Stuffed Calamari with Crispy Garlic (ปลาหมึกสอดไส้ทอดกระเทียม)

This is one of the dishes by which I judge a street food stall. Stuffed calamari with crispy garlic is such an uncomplicated dish to make. And precisely because of that, when it’s done carelessly, it’s obvious. But when it’s done right, you get tender calamari and well-seasoned pork stuffing fragrant of the ubiquitous garlic-cilantro-pepper paste all of which are lightly doused with aromatic garlic oil and thoroughly bespeckled with tiny shards of sweet, crispy garlic. And that’s a very, very good thing.

Have these little gems with warm jasmine rice. Don’t forget a little bowl of Nampla Prik on the side. Or you can do what my grandfather liked to do: eat them as an appetizer with cold beer.

Stuffed Calamari with Crispy Garlic (ปลาหมึกสอดไส้ทอดกระเทียม)
(Makes 4 servings)
Printable Version

One pound prepared small calamari (The length of the body should not exceed 3-4 inches for the bigger the calamari, the more stuffing they require to fill the cavities and the longer it takes to get the stuffing to cook through. By the time, the stuffing is cooked through, the calamari becomes rubbery. Using small calamari (and ideally of the same size) ensures that the stuffing gets cooked as quickly as the calamari.)
1/2 pound ground pork
1 teaspoon whole white peppercorns
2 tablespoons chopped cilantro roots or stems
5 large cloves garlic, peeled
1 tablespoon oyster sauce
2 teaspoons fish sauce
2 tablespoon plain vegetable oil
Cilantro leaves for garnish

  • In a mortar, pound 2 cloves of garlic, peppercorns, and cilantro roots into a smooth paste.
  • Place the pork in a bowl and add to it the prepared paste along with oyster sauce, and fish sauce; mix well.
  • With your hands, stuff the bodies of the calamari with the pork mixture. The stuffing should come up to about 1/4 inch below the edges of the squid openings. (You may have some pork stuffing leftover; freeze it for later.) Note that when cooked, the pork stuffing will ooze out of the squid openings a little. That’s fine. I like it that way. However, if you want the stuffing to stay in, secure the opening of each squid with a toothpick as shown in my post on Sriracha Stuffed Calamari).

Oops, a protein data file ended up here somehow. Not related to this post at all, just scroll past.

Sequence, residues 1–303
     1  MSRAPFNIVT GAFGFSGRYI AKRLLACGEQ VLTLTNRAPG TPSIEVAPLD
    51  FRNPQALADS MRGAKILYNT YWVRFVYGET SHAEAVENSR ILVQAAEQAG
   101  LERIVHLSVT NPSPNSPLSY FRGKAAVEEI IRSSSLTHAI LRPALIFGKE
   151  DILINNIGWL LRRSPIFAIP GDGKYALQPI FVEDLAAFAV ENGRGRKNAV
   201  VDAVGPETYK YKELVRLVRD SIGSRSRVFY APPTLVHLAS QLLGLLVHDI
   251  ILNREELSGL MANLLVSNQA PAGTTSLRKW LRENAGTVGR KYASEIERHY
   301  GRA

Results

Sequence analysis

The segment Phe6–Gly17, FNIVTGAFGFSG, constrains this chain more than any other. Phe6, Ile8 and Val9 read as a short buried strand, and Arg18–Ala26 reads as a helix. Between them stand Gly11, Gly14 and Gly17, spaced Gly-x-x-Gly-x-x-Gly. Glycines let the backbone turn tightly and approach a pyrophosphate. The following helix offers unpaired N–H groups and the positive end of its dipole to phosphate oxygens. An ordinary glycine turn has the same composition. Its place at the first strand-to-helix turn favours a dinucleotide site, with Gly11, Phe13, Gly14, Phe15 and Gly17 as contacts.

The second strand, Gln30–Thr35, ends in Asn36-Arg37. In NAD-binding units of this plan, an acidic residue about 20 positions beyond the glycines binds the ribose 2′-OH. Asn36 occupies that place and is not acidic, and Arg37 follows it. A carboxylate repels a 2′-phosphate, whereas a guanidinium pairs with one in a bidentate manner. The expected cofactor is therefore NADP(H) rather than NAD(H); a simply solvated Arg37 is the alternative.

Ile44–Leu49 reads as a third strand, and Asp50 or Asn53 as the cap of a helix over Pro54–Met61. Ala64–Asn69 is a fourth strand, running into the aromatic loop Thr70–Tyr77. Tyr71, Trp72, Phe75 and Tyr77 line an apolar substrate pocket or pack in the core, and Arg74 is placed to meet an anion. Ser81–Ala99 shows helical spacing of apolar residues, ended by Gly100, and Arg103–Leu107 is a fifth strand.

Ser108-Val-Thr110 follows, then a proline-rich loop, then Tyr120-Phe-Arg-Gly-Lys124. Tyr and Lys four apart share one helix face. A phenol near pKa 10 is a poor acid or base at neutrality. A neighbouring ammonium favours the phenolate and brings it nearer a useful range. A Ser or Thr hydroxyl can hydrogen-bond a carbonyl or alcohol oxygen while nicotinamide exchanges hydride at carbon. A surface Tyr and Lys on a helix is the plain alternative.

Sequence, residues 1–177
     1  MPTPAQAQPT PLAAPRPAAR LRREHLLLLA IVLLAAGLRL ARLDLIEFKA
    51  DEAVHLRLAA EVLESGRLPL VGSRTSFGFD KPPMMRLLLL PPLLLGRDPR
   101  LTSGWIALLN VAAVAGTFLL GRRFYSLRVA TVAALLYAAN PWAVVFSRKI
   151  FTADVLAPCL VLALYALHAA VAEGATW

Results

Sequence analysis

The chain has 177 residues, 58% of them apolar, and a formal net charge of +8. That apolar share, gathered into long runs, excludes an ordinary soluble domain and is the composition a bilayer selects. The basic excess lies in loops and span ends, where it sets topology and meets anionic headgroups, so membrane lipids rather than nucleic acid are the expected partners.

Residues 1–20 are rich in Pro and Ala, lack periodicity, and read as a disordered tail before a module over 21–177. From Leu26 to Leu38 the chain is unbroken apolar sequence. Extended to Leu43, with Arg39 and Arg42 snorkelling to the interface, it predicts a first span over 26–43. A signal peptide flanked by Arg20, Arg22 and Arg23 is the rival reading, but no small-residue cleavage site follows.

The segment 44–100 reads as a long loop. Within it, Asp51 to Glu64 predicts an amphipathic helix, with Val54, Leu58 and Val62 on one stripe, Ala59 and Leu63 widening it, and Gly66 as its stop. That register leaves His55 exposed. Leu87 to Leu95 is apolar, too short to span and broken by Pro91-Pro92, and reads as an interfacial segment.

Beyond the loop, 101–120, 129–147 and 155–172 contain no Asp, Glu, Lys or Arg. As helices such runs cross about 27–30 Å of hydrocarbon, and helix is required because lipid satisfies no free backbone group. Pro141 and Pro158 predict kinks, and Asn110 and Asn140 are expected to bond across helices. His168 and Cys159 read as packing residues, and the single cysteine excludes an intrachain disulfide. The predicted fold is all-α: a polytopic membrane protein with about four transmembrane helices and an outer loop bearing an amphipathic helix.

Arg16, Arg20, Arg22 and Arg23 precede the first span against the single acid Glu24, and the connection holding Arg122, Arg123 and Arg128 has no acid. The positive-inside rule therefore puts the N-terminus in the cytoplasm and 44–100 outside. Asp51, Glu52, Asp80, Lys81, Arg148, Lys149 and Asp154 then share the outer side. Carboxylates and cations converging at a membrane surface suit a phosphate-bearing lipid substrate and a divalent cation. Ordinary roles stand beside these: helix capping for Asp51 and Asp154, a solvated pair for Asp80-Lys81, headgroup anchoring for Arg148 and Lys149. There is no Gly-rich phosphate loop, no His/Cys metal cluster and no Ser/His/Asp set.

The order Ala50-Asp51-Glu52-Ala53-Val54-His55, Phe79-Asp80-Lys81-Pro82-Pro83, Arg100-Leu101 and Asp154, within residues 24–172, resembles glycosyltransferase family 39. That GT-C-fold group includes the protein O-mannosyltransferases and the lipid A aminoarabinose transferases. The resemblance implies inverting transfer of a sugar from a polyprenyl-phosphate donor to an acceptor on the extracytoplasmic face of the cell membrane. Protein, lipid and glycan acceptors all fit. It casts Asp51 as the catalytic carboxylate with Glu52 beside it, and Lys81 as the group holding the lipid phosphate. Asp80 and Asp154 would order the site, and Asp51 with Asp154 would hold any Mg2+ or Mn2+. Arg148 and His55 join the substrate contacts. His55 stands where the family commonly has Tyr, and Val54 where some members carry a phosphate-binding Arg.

• Place the filled calamari in a heatproof plate and steam them just until the stuffing is almost cooked through. Set aside.
  • In the meantime, crush the remaining cloves of garlic and chop them very finely.
  • Add the vegetable oil and the garlic into a 12-inch skillet and place the skillet on medium heat, stirring constantly. Make sure you start with a cold pan, room temperature oil, and room temperature garlic and heat them all up gently together. That’s the only way you can get your garlic to caramelize slowly and become sweet and crispy at the end. Also, be sure to stir the garlic around constantly to avoid hot spots. Don’t walk away from the pan. In less than 5-6 minutes, you’ll see the garlic turning blond then light brown then light golden. When that happens, remove the skillet from the stove immediately and pour the content of the skillet into a heatproof bowl.
  • Place the oil-coated pan back on the stove and crank up the heat to medium high. Shake excess moisture off the steamed calamari and add them to the hot pan just to sear the outsides ever so slightly. If you have any squid tentacles, add them to the pan at this point.
  • Once you can see that the calamari exteriors are very lightly seared and the stuffing is cooked all the way (this should take less than 2 minutes to prevent the calamari from turning rubbery), douse the calamari with the reserved garlic oil and the crispy garlic. Plate. Garnish with cilantro leaves. Serve.
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